In Recent development, Supreme Court gave a landmark judgment Vineeta Sharma v Rakesh Sharma & ors. regarding the daughter’s rights in coparcenary of her father and whether she can claim rights in coparcenary of her father irrespective of the father living or dead at the time of Hindu Succession (Amendment) Act, 2005. A three-judge bench delivered this judgment in favour of the daughter that no matter whether the father is alive or not at or before 2005, his daughter will be entitled to claim coparcenary property of her father as a coparcener.
What is a Hindu Joint Family?
A joint hindu family consists of all male members lineally descended from a common male ancestor including their wives and unmarried daughters. Although after the marriage, daughter ceases to be part of the hindu joint family (HJF) of his father and becomes part of husband’s joint family. There’s a presumption that Hindu family is living in the union unless something contrary is proved.
The point to consider here is that hindu joint family is not a corporation and thus, has no legal entity distinct and separate. It’s just a taxable unit for the purpose of income tax and super tax.
What do we mean by Coparcenary
A coparcenary is a smaller unit of the family that jointly owns property. A coparcenary consists of a ‘propositus’, that is, a person at the top of a line of descent, and his three lineal descendants sons, grandsons and great-grandsons. Coparcenary property is named thus because the co-ownership is marked by “unity of possession, title and interest”.
In simple words, Coparcenary is a lineal male descendants of a person up to the third generation, acquire on birth ownership in the ancestral properties of such person. In Mitakshara school of law, coparcenary consisted of males alone and no daughter [whether married or unmarried] was given claim in the coparcenary property. A male in the fourth degree in unbroken chain from the last male holder is a coparcener.
Incidents of Coparcenary
- Descendants at any time can work out their rights by asking for partition.
- Each member has got ownership extending over the entire property until partition. As a result, all coparceners have common ownership.
- Partition of property is not possible unless it be necessity, without the consent of other coparcener.
An Insight into Hindu Succession Act, 1956
In Hindu Succession Act, 1956, male descendants were given the priority and utmost importance during the rights in family property i.e. coparcenary property whereas females were deprived of their rights of inheritance. Section 6 of Hindu Succession Act clearly states that when a hindu male dies in a family, his interest in the coparcenary property shall devolve by survivorship and in case the deceased leaves a surviving female, then the interest shall devolve by testamentary or intestate succession, as the case may be.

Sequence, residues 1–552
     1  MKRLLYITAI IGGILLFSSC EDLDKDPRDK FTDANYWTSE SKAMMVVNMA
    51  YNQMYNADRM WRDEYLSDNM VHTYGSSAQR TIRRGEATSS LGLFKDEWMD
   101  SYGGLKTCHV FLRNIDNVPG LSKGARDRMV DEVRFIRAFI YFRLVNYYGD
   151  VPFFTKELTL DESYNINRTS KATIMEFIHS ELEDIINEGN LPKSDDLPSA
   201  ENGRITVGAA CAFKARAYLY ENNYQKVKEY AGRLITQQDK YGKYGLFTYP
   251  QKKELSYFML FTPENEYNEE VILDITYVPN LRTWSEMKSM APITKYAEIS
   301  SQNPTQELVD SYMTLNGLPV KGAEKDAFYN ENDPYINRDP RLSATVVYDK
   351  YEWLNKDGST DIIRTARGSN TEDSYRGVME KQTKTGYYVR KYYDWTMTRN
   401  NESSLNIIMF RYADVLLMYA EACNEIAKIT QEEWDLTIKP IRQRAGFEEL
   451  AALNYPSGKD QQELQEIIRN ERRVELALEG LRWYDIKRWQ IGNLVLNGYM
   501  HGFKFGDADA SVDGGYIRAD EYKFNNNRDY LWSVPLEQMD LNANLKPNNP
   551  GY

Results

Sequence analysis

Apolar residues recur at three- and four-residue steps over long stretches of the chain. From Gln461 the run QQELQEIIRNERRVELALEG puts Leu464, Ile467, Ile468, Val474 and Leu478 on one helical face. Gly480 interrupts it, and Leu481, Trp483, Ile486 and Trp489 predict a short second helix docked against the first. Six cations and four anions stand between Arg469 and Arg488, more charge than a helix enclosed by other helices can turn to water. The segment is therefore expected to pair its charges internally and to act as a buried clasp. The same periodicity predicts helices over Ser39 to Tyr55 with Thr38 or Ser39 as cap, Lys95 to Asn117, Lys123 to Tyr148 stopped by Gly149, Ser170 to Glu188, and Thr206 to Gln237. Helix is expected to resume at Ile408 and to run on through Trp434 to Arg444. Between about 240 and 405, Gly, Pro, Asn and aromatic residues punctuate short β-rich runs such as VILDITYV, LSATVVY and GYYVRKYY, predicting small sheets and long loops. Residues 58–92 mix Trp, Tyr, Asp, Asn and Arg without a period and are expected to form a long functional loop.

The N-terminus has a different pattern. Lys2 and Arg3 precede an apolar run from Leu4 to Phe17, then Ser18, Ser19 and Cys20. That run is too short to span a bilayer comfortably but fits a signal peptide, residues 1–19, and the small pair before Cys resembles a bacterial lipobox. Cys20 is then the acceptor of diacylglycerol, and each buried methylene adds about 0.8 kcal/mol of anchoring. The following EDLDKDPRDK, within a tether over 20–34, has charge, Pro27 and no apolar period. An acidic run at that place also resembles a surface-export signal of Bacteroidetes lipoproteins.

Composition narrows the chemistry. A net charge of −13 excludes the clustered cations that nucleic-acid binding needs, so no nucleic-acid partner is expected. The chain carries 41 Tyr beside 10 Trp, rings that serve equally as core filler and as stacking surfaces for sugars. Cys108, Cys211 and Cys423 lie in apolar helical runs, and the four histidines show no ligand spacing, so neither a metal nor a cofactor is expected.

After Enactment of Hindu Succession Amendment Act, 2005
The impact of this amendment was that the secondary or substituted position of which the women were usually subject to under Hindu law was removed and created similar rights or position of a daughter that of a son. As per section 6, daughters were recognized as coparcener since birth, thereby she exercises all rights of a coparcener and by virtue of that she can also become a Karta, if she is the senior-most member of the family.
Also the section 23 & 24 of HAS, 1956 were omitted as they were highly discriminative on the basis of the gender as females had to take permission of the male members for their share in the dwelling house
Oral partitions were made invalid unless done by a deed duly registered under the Registration Act and also the pious obligation of the son to pay the personal debts of the father was derecognized.
Although the question whether the Amendment Act of 2005 had the retrospective or prospective effect was a long debatable question since 2005. Different judgments laid down different principles about its nature and thus, have created a lot of qualm in the mind of general public regarding the application of the amendment act. But this confusion was done away in the latest judgment of the Supreme Court in 2020.
Daughters have constantly been divested from their rights whether it be social, economical or the rights in their inheriting property. The ancient Hindu puranas, shastras, smritis, etc. have always prioritized males and their rights and women and their rights were kept ignored. Whether it be discharging of family’s rites, rituals, possession, dispossession, everything was done in the favor of the male members. Even during adoption of the child, male’s consent was kept prerogative. Due to this male chauvinism, our justice system also made male-oriented laws.
But over the period and evolving times, our legal system has realised the loopholes that are there in the system and therefore, are framing laws which are gender-neutral and fulfil the ideology of our constituton which is to ensure equality and justice to each person free of any discrimination.
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